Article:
Blink and it's gone. The ephemeral McRib sandwich appears at McDonald's infrequently and only for a limited time. If you haven't indulged in one yet, here's what you're missing: azodicarbonamide, ammonium sulfate and polysorbate 80 — those are just three of the 70 ingredients (34 in the bun alone) that go into the BBQ pork sandwich, according to the restaurant's website.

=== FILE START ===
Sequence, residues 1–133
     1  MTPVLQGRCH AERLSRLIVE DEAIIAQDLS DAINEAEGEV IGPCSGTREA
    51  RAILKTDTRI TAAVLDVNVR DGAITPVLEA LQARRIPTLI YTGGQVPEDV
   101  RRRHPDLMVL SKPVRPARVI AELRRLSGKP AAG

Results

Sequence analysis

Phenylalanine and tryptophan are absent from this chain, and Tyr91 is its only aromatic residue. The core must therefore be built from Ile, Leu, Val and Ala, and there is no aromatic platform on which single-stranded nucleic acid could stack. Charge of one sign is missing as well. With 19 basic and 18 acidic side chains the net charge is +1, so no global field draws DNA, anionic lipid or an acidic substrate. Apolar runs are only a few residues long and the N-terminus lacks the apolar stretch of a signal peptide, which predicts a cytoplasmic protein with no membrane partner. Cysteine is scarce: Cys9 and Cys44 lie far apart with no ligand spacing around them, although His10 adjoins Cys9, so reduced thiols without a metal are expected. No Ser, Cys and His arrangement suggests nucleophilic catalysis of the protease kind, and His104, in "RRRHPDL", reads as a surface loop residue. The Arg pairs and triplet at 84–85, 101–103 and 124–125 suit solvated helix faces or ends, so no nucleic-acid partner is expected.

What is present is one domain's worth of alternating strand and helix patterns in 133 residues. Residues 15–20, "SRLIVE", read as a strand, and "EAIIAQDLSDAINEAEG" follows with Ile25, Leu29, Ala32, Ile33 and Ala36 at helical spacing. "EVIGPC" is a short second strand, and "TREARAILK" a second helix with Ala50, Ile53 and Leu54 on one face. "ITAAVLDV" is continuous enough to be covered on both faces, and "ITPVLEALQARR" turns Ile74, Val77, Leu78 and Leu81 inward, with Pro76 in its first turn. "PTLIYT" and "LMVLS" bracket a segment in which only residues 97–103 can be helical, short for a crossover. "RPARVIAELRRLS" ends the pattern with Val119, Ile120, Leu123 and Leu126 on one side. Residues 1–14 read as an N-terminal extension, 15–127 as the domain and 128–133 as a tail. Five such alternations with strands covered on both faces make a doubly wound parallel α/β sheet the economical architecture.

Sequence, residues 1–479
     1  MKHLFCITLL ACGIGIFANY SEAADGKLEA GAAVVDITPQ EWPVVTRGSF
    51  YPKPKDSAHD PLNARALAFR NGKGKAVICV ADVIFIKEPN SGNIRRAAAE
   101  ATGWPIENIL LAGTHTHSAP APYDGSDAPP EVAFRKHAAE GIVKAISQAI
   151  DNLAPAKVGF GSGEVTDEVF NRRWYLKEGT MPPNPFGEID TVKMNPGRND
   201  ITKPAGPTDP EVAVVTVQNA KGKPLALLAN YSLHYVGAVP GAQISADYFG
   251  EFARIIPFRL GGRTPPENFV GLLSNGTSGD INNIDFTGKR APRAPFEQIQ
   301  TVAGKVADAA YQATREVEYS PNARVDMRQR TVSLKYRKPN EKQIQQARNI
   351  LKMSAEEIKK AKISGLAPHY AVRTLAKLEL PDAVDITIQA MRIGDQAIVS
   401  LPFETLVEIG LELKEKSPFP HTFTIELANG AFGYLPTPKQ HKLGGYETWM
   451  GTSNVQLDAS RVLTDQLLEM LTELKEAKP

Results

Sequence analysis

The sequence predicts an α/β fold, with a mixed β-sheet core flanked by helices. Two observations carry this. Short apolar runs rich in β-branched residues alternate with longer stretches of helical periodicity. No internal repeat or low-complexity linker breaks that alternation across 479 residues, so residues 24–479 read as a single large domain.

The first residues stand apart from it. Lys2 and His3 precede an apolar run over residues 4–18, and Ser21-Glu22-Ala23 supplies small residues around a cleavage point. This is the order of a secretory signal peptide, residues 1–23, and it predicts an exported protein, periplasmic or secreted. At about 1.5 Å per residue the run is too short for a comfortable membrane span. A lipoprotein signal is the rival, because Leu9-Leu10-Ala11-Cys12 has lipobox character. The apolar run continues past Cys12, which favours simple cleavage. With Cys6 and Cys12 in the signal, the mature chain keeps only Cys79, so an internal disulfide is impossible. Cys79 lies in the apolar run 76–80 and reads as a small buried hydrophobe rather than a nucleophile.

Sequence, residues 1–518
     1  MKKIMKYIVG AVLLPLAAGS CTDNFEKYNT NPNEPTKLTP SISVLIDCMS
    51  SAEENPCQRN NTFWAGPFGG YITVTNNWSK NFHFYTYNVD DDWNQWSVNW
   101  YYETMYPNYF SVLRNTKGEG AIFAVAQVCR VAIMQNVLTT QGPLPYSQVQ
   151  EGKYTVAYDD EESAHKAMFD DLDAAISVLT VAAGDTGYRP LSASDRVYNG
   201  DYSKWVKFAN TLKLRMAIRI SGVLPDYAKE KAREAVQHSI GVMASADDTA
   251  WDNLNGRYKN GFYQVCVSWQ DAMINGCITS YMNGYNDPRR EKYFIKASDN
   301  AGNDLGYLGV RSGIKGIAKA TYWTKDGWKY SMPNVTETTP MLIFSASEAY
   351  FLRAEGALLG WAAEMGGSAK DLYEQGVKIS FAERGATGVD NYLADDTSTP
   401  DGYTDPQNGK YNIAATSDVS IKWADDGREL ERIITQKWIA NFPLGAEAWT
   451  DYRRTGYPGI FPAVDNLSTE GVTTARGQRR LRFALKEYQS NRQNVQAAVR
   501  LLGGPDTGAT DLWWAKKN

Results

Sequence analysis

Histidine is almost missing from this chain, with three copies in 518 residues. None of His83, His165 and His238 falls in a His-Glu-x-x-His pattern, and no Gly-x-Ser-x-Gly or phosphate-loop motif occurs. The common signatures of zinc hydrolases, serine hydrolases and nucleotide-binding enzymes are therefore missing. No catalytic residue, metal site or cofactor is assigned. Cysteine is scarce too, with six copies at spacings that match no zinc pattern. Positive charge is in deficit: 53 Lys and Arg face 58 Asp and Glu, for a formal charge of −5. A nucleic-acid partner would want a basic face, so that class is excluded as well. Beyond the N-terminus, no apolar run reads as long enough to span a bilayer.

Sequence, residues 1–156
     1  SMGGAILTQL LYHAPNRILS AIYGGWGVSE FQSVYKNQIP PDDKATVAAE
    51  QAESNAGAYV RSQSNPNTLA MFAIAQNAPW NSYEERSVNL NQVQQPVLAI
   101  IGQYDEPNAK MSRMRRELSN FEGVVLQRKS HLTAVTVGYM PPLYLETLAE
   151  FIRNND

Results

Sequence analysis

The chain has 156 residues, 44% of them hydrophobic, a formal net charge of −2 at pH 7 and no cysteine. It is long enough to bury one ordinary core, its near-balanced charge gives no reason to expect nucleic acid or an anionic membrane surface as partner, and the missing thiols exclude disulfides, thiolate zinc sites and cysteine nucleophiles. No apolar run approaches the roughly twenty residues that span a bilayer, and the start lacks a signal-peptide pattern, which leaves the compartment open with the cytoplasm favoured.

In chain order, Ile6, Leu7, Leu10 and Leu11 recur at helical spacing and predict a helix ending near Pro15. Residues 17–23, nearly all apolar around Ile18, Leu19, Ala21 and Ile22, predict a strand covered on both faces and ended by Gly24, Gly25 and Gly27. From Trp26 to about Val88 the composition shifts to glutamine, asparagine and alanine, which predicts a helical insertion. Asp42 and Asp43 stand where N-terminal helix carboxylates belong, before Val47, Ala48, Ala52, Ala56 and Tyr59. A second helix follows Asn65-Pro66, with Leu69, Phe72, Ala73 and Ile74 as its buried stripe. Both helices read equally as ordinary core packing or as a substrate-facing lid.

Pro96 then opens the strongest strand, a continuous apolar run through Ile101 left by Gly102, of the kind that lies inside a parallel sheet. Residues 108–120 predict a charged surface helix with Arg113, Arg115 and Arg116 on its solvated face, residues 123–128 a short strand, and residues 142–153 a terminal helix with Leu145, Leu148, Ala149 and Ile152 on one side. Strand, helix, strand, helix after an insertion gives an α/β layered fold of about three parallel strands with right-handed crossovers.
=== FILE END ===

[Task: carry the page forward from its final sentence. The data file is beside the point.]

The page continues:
These components are in small enough quantities to be innocuous. But it's still a little disconcerting to know that, for example, azodicarbonamide, a flour-bleaching agent that is most commonly used in the manufacture of foamed plastics like in gym mats and the soles of shoes, is found in the McRib bun. The compound is banned in Europe and Australia as a food additive. (England's Health and Safety Executive classified it as a "respiratory sensitizer" that potentially contributes to asthma through occupational exposure.) The U.S. limits azodicarbonamide to 45 parts per million in commercial flour products, based on analysis of lab testing.
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